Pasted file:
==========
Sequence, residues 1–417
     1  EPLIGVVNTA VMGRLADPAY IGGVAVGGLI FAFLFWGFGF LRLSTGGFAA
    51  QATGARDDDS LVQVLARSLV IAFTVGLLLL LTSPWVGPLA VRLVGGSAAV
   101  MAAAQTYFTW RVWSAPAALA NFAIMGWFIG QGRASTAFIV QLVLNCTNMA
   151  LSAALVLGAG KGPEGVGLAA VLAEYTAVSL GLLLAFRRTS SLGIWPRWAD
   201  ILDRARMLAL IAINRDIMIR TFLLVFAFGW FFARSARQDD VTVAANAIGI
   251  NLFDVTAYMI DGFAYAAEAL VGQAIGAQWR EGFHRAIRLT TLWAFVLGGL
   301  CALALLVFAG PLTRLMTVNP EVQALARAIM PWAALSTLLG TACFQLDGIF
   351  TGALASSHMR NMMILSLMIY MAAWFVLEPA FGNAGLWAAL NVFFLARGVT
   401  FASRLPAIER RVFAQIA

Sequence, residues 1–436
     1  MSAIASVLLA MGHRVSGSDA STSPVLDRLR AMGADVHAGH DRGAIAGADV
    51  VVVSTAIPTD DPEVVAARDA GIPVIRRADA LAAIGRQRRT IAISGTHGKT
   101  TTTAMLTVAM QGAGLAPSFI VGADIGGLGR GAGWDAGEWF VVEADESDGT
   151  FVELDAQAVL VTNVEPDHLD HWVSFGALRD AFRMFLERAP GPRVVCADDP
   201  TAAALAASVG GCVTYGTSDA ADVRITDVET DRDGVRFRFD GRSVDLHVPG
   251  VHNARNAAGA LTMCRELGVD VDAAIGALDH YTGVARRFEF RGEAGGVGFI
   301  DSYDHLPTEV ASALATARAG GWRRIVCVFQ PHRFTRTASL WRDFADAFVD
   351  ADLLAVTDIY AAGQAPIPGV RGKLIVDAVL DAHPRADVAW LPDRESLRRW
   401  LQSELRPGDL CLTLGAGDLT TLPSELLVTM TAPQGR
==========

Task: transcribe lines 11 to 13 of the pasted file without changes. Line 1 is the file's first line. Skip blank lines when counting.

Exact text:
Sequence, residues 1–436
     1  MSAIASVLLA MGHRVSGSDA STSPVLDRLR AMGADVHAGH DRGAIAGADV
    51  VVVSTAIPTD DPEVVAARDA GIPVIRRADA LAAIGRQRRT IAISGTHGKT